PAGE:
Riders get a bike with longer range and a higher top speed of 28 mph (45 km/h) thanks to 2000-watts of power, but will need to add at least an extra $1,000 to the pledge level.

Each bike is equipped with a lithium-ion battery capable of 1,000 charges, powering a brus...
For those wanting to drop $6,500 on a seriously quick e-bike, Derringer has a 63 V ride capable of delivering 2,800-watts of power to the back wheel. This wattage increase gives the Bespoke Series a top speed of 40 mph (64 km/h) and an improved no-pedal range of 38 miles (61 km).

In addition to a 6-amp charger and faster charge times, pledgers can choose seat and tire options, plus have the ability to configure the paint/color scheme on the limited edition 63 V – right down to the spokes, frame and fuel tank details.

Anyone interested in recreating 1920s era board-track racer schemes should check out Derringer’s gallery for old school color inspiration.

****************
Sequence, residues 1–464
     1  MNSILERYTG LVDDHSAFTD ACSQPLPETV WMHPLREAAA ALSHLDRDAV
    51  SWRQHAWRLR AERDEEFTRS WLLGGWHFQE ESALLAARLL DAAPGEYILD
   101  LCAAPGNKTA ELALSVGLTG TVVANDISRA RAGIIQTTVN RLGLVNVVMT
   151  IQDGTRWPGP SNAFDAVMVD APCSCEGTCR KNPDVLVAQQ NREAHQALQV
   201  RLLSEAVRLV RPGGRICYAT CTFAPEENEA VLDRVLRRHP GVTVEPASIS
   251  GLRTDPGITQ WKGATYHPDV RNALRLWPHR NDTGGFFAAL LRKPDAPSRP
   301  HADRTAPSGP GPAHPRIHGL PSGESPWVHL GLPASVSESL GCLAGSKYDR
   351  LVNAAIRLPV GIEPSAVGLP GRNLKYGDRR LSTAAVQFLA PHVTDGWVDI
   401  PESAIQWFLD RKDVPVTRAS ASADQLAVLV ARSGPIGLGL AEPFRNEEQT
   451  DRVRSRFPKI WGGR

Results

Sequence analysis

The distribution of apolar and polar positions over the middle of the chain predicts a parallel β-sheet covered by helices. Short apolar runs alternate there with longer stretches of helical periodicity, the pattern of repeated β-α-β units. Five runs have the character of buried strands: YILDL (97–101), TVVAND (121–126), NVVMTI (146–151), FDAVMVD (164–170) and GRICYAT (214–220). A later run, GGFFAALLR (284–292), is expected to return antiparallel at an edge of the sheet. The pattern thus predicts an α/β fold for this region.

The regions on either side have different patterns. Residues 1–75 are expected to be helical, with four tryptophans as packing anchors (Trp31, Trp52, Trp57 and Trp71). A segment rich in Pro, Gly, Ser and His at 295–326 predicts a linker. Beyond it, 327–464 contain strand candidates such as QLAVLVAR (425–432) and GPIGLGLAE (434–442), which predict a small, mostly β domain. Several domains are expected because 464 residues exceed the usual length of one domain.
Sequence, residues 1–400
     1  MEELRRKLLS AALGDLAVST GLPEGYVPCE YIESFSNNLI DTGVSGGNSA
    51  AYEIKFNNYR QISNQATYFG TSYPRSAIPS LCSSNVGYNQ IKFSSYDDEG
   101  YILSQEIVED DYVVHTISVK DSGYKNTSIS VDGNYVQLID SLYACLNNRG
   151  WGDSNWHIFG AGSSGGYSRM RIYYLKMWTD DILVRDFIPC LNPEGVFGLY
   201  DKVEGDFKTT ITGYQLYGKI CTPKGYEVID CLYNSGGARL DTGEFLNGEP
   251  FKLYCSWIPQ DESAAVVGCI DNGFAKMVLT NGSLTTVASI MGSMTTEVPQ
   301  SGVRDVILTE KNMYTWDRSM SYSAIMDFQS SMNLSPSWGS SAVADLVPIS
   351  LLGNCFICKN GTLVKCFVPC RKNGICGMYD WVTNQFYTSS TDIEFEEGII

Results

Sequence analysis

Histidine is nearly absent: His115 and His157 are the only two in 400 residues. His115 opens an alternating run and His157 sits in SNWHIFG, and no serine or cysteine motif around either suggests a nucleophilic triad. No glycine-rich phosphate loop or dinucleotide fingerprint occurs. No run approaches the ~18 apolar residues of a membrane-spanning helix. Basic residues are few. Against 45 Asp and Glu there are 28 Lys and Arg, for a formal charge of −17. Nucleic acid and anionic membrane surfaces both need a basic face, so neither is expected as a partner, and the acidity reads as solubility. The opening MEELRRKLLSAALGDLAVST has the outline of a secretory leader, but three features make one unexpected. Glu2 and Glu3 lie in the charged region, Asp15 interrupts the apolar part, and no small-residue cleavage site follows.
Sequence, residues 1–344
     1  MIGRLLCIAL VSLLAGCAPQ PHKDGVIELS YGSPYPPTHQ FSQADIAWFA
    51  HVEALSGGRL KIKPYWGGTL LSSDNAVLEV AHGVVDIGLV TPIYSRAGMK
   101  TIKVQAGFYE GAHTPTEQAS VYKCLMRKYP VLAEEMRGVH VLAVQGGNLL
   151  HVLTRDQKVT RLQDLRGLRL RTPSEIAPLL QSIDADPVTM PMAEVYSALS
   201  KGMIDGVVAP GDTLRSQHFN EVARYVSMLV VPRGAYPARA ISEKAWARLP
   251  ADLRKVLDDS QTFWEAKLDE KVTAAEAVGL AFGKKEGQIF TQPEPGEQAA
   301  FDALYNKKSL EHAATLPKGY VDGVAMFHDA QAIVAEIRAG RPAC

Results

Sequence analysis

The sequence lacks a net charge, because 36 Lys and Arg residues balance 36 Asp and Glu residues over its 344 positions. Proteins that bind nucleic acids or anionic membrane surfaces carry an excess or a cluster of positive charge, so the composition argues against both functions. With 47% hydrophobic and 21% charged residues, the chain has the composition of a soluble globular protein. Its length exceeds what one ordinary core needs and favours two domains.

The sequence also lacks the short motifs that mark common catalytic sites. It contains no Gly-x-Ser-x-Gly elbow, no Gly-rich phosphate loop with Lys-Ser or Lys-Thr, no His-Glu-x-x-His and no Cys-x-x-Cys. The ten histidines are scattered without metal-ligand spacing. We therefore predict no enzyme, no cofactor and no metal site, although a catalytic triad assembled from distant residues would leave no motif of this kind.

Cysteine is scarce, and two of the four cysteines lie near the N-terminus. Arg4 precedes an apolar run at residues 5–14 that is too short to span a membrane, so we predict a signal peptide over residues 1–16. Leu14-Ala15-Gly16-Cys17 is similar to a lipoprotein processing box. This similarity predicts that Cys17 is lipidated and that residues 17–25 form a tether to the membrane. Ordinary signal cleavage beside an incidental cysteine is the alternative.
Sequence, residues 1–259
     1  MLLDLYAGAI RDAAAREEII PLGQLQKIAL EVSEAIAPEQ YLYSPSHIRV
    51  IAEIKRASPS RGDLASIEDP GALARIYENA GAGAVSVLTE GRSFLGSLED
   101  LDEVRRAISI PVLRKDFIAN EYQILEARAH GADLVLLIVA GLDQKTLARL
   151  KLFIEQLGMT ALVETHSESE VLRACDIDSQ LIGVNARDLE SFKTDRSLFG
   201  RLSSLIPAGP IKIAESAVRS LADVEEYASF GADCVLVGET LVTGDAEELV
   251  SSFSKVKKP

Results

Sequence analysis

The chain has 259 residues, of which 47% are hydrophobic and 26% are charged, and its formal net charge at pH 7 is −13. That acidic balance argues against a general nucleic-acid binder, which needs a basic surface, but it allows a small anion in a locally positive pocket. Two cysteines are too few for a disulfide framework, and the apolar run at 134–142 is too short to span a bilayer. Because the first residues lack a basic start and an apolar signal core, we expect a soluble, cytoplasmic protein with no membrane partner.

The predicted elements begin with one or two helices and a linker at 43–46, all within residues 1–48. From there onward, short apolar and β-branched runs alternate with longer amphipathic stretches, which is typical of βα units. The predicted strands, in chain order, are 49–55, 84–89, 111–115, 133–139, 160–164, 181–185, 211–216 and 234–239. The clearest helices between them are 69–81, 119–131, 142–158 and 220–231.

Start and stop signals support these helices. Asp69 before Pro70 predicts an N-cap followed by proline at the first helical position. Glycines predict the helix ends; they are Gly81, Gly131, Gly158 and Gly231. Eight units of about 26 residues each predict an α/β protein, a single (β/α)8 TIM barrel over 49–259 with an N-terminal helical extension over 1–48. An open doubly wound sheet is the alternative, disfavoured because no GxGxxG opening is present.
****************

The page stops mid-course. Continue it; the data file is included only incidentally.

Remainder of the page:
Derringer’s e-bike Kickstarter campaign runs until January 22. If all goes well, estimated delivery for the bikes will start in May.

Sources: Derringer Cycles, Kickstarter


SenseGiz Star fitness monitor alerts contacts when you crash

By C.C. Weiss January 3, 2014
Over the years, we've seen innumerable fitness monitors; some crash-monitoring devices, like the Helite ski airbag; and an exploding number of smartwatches. The SenseGiz Star rolls aspects of all three of those categories into a small wearable device that you can clip to your shirt or strap to your wrist.

The Star is one of the latest smart devices stuffed full of sensors that track your every movement. Like pretty much every fitness monitor, it keeps track of your number of steps, distance traveled and calories burned. The 24/7 monitor also tracks your sleep patterns to help you differentiate between light sleep and deep sleep.